“Turtle-Friendly” Lighting: Is it as easy as that?

Blair Witherington Comments…

The issue of reducing disturbance to sea turtles on the nesting beach is not a simple as choosing a light that does not affect sea turtles (which can be any light that happens to be turned off). Lurking about on a beach can disturb nesting turtles, lights or no lights. Some nesting sea turtles are more sensitive to this "human presence" than are others.

For instance, green turtles and loggerheads that have just emerged from the sea nearly always respond to a human approaching within the turtle's field of view by withdrawing their necks, pivoting, and returning to the sea, whereas olive ridleys are known to complete their nesting even after being plucked from the sea as they emerge, carried up the beach, set in the sand, and watched intently by an audience of egg collectors (please do not try this at home).

  • Most sea turtle researchers quickly come to know how closely they can approach the turtles that nest on their beach but may wonder if the use of light by workers on the beach may frighten turtles they cannot see. It has been noted that lighting on the beach will keep loggerheads and green turtles from emerging to nest, but once these turtles emerge to nest, a moving person without a light is more likely to cause nesting abandonment than a motionless person with a light.

    Although lights that cause nesting turtles to abandon nesting attempts are bad, lights that cause hatchlings to move in the wrong direction and die are probably worse. Generally, the longer a light is left on the greater the harm it can cause hatchlings (the longer they may travel in the wrong direction).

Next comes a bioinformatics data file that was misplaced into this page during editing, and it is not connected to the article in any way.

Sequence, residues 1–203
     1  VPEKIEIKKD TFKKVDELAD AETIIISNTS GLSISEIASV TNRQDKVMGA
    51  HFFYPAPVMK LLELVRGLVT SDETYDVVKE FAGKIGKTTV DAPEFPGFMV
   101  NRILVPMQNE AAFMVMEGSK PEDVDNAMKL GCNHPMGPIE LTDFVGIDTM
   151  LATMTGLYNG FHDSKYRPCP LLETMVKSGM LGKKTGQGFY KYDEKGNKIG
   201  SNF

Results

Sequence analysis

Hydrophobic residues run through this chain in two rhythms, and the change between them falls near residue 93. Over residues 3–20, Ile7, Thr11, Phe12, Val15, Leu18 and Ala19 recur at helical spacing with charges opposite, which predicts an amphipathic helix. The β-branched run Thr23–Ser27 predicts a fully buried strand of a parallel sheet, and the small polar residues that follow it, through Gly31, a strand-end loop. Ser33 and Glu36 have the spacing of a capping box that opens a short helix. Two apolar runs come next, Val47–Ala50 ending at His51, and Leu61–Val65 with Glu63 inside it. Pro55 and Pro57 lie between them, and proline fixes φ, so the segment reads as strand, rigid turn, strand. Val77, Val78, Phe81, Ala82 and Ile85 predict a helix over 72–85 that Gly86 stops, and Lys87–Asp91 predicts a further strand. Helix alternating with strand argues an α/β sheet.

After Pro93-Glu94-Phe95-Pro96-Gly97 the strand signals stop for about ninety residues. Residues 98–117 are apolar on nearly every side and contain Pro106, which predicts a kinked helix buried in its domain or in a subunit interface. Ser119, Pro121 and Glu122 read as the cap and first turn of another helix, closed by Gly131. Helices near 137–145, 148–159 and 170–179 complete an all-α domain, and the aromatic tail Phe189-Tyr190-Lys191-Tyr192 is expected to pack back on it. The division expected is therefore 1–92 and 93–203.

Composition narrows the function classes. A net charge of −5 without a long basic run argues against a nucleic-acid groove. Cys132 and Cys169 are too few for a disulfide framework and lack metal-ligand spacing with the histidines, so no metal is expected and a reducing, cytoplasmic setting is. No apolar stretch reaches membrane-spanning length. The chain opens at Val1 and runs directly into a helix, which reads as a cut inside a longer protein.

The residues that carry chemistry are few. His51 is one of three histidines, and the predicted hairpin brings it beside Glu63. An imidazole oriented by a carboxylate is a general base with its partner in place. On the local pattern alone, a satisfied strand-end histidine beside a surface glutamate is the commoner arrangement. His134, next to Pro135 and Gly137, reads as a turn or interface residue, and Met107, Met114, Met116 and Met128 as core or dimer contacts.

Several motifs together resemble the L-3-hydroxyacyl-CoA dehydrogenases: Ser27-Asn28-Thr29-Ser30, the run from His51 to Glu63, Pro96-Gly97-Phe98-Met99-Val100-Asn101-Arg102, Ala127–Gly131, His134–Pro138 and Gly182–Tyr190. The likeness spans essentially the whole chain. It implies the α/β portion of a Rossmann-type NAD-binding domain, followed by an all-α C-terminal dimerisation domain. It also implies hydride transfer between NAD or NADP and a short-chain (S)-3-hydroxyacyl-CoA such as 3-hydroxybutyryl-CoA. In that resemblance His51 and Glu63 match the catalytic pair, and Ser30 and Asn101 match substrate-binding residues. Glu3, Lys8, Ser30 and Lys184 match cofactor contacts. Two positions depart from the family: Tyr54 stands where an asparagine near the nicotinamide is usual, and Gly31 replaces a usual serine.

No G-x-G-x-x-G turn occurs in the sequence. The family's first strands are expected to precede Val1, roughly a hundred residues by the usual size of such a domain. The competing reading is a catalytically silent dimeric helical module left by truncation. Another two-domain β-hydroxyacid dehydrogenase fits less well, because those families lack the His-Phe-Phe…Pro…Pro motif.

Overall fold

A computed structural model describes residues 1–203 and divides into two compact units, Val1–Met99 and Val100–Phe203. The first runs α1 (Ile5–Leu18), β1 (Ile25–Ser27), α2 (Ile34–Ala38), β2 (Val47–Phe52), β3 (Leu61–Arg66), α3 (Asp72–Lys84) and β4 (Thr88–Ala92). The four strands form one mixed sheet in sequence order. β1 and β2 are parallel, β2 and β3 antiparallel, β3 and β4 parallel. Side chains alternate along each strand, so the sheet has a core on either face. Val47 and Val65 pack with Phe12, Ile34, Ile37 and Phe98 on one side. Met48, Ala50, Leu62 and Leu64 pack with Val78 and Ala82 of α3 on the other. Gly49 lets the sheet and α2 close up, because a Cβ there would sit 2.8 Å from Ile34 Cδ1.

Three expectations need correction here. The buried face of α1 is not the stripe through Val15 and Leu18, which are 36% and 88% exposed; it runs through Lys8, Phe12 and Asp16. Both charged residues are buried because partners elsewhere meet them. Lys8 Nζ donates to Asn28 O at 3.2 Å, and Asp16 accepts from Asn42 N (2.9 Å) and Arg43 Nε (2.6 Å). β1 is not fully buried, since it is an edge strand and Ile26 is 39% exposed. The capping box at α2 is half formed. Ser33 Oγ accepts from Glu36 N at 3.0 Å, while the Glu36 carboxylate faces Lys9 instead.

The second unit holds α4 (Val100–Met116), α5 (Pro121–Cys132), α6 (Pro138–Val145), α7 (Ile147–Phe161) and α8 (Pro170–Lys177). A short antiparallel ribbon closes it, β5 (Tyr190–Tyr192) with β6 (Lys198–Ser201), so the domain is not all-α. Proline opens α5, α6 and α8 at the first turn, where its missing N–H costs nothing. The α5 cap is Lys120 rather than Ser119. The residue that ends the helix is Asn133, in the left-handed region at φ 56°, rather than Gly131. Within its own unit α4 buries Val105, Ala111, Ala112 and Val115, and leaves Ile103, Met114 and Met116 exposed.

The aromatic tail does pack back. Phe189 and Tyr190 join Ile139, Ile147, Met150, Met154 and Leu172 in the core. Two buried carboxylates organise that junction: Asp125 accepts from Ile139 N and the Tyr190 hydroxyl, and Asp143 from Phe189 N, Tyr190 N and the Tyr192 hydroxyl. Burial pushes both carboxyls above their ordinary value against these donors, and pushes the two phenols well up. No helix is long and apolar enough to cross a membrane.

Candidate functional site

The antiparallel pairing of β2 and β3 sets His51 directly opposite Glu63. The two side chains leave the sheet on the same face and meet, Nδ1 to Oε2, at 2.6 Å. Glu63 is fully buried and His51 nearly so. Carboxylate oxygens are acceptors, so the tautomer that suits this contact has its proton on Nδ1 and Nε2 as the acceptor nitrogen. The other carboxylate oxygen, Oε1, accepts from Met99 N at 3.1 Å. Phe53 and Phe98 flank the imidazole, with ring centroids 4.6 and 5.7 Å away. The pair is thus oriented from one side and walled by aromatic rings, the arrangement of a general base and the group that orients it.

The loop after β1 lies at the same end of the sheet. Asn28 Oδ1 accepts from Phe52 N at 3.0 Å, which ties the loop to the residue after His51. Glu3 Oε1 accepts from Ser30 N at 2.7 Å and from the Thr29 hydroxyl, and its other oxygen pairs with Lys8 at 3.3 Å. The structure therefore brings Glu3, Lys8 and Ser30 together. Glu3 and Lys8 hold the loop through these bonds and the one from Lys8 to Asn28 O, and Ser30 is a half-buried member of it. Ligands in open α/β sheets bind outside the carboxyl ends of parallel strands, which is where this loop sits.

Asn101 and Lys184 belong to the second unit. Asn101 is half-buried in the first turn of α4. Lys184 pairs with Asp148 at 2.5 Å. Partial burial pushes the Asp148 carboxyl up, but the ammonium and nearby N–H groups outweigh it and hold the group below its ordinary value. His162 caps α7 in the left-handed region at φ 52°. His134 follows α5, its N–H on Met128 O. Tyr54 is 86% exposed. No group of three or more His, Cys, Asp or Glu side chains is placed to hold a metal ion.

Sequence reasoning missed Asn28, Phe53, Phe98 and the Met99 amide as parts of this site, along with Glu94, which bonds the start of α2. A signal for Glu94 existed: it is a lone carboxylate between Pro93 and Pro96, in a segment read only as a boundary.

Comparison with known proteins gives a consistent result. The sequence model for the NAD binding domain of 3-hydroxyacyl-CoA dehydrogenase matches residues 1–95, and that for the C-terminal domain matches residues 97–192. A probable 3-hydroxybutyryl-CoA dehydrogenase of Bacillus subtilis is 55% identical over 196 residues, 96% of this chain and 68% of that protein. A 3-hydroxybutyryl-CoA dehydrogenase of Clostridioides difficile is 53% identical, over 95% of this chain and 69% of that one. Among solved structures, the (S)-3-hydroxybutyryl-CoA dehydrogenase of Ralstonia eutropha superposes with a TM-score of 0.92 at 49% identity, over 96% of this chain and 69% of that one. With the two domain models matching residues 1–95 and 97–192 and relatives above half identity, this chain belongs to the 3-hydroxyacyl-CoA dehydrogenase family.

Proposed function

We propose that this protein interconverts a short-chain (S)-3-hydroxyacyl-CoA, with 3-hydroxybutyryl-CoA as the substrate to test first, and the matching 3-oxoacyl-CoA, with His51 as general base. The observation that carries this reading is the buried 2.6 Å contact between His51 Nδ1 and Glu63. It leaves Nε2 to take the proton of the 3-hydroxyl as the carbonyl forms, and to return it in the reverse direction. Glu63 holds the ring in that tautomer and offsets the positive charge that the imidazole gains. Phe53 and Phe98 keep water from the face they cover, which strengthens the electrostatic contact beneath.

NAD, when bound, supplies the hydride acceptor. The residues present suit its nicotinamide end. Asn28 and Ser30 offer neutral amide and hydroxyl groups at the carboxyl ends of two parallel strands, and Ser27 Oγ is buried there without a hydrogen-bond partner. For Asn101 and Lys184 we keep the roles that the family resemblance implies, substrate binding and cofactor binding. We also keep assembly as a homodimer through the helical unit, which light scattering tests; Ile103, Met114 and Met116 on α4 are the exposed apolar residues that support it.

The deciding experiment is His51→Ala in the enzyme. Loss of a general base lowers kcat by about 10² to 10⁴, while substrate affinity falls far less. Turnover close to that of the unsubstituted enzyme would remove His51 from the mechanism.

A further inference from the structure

So how can one travel, work, and see one's way on a sea turtle nesting beach while minimizing harm to sea turtles? I have the following tips (generally supported by evidence but open for debate).
  • Use light sources that are pure red and use them only briefly. Pure red light (light that is composed mostly of wavelengths in the red region of the visible spectrum) is preferred for two reasons. The first is that sea turtles apparently do not see red light as well as we do. The second reason is that red light does not bleach the photopigment we depend upon for our night vision. Consequently, one can use a red light briefly to fill out a data form and still be able to see in the dark when the light is turned off. Not all reds are the same. Some are more pink (whiter than red) to begin with and some start out red but fade to purple (blue and red) over time. One of the most pure and fade resistant red filters I have found is the red plastic (lexan) of automobile tail lights (the lens can be cut to flashlight-size with a coping saw and the entire light fixture can be mounted on an ATV). In the USA, some makers of small flashlights offer a red lens that also is very good. I have also seen small lights with tiny red LED (light emitting diode) lamps that are very very good (these are often termed map-reading lights). Most red films of acetate that one might use to cover a flashlight fade quickly and because of this are not very good. Red tape is fair in a pinch but it diffuses the light too much to focus it well.
  • Don't fear the dark. Most people are surprised by how well they can see at night without artificial lighting. After about twenty minutes in the dark (or under a red light) the human eye can see well enough to keep its owner from tripping on even the darkest of nights. If the moon is out, one may even read a wristwatch. Eat carrots. Losing a dependence on artificial light will allow one to see well beyond the flashlight beam. Believe it or not, one can generally see the silhouette of a turtle at a greater distance without a flashlight.

Source: Blair Witherington, Florida Marine Research Institute: Tequesta Field Laboratory
19100 Southeast Federal Highway, Tequesta, Florida 33469 USA E-Mail: spinnaker@prodigy.ne ; Phone: 561-575-5408; FAX: 561-743-6228